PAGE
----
What We're Reading: HHS, DOJ Guidance on Long COVID-19; VA Institutes Vaccine Mandate; Moderna to Expand Vaccine Study in Children

The Department of Justice (DOJ) and HHS issue joint guidance indicating that long COVID-19 can be classified as a disability; the Department of Veterans Affairs (VA) becomes the first federal agency to implement a COVID-19 vaccination mandate for some workers; federal regulators push for expansion of COVID-19 vaccine trials in children to better assess safety.

HHS, DOJ Issue Guidance on Long COVID-19 as a Disability

The Department of Justice (DOJ) and HHS yesterday issued joint guidance indicating that adverse events related to when COVID-19 symptoms linger can be classified as a disability under Titles II and III of the Americans with Disabilities Act (ADA), Section 504 of the Rehabilitation Act of 1973, and Section 1557 of the Patient Protection and Affordable Care Act. The condition, known as long COVID-19, has emerged as a significant health issue that can cause both cognitive and motor symptoms and can occur even if the initial illness was mild. Along with protecting those with the disability against discrimination, the guidance also provides resources on additional information and best practices.

VA Becomes the First Federal Agency to Require Vaccination in Some Staff

The Department of Veterans Affairs (VA) yesterday became the first federal agency to issue a vaccination mandate as it announced that all employees of its medical facilities will be required to be vaccinated against COVID-19. According to NBC News, the mandate will apply to all VA health care personnel who work in Veterans Health Administration facilities, visit these facilities, or provide direct care to those VA services. If not already fully vaccinated, employees will have 8 weeks to do so, with those who adhere to the mandate given 4 hours of paid administrative leave.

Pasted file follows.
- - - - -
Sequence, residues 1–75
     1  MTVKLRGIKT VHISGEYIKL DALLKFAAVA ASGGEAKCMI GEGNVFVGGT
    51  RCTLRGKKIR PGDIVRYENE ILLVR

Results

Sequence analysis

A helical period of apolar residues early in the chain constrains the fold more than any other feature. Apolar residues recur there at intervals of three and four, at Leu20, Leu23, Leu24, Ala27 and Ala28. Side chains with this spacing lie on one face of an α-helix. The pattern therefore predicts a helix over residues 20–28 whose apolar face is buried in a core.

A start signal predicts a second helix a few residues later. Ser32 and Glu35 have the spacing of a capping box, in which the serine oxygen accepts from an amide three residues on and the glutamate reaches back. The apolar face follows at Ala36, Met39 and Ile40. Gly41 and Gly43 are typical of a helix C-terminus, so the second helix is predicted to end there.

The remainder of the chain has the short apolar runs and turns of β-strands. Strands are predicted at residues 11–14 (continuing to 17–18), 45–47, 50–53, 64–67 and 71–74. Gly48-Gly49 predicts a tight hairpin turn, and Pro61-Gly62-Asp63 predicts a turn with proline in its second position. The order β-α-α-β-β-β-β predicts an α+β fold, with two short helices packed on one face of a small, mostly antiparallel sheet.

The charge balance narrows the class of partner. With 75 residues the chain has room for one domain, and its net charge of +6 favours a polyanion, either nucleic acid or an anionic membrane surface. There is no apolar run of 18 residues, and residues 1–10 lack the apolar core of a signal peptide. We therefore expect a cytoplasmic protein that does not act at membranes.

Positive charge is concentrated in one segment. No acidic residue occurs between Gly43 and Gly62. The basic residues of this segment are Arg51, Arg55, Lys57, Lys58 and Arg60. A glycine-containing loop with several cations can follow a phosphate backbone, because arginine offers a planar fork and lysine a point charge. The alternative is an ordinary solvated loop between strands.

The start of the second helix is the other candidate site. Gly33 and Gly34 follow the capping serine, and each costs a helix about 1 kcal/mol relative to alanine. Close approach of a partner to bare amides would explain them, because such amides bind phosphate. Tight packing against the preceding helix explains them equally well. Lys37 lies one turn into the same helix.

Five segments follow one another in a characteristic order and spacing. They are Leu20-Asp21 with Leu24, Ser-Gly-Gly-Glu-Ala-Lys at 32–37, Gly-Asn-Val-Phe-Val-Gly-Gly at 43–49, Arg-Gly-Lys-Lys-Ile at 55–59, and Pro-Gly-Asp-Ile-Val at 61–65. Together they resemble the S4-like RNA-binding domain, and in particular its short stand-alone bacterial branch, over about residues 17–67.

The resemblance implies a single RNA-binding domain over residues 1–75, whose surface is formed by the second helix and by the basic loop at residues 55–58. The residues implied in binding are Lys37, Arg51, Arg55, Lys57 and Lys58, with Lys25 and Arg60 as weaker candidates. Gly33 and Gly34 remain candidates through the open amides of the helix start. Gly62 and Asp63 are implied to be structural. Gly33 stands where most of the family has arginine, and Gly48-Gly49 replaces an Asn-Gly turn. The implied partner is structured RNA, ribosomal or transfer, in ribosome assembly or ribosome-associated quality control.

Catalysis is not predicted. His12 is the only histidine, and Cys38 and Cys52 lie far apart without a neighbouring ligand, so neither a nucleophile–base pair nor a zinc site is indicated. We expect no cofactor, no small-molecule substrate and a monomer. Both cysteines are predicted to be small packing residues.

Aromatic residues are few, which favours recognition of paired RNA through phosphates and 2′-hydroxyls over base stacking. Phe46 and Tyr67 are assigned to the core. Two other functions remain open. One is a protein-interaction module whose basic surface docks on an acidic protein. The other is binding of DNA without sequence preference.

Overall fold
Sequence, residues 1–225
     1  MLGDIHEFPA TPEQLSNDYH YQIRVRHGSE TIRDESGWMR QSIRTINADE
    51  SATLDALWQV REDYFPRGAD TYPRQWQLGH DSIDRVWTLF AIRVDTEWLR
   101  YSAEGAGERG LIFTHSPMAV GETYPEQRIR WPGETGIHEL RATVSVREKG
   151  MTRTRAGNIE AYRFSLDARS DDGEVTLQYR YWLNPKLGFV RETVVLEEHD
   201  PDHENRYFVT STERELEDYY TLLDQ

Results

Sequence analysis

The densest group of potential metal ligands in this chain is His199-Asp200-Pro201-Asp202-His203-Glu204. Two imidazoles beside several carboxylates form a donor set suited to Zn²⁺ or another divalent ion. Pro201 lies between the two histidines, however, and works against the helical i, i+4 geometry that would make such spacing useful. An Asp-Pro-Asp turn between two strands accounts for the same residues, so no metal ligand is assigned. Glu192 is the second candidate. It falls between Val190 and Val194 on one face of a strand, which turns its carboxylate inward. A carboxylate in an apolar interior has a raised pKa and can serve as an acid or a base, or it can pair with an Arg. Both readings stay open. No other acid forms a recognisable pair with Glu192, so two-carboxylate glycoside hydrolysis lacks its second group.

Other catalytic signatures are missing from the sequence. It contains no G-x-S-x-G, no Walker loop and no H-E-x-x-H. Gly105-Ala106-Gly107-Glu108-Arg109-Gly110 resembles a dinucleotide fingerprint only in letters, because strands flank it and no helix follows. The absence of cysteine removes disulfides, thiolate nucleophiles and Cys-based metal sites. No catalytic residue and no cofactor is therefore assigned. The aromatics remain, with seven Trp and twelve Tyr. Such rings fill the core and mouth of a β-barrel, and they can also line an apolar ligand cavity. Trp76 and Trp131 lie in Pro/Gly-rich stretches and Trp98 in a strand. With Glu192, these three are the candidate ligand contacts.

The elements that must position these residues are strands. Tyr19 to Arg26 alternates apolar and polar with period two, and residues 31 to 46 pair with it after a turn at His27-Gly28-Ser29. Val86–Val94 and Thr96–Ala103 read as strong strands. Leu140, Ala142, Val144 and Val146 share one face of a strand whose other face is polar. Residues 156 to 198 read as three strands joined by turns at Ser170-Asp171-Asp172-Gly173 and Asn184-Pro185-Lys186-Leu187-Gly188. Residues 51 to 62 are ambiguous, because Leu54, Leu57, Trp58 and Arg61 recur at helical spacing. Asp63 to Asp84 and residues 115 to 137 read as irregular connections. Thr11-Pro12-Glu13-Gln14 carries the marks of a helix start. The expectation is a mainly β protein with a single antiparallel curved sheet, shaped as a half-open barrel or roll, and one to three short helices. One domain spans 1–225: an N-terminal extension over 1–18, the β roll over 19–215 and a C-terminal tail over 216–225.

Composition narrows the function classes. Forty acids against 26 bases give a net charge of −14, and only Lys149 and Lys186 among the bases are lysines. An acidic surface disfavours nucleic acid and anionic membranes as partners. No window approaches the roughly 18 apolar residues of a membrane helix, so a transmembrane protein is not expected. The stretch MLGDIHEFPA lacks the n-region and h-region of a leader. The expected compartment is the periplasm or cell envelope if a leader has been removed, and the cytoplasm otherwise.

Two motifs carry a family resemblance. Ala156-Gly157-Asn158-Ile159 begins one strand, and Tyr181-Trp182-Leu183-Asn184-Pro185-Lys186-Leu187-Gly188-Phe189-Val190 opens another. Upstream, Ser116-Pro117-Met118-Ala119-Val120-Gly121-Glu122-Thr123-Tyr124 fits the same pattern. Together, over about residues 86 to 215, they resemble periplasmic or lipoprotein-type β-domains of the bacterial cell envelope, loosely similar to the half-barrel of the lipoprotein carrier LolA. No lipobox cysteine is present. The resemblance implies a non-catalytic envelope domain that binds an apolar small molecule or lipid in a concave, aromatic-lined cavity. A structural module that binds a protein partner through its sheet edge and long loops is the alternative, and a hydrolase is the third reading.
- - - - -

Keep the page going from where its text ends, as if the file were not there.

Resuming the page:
Moderna Expands COVID-19 Vaccine Study in Children

Amid requests by federal regulators to expand COVID-19 vaccine trials in children to better assess safety, Moderna announced yesterday its plans to do so, with the vaccine manufacturer currently in talks with the FDA on enrolling more study participants under the age of 12. As reported by the Associated Press, it has not yet been decided how many children will be added, but efforts come as cases of COVID-19 continue to rise ahead of the return to school for children nationwide. Pfizer additionally said yesterday it will provide updates if changes are made to its vaccine testing in children, which includes 4500 children in the United States and Europe.

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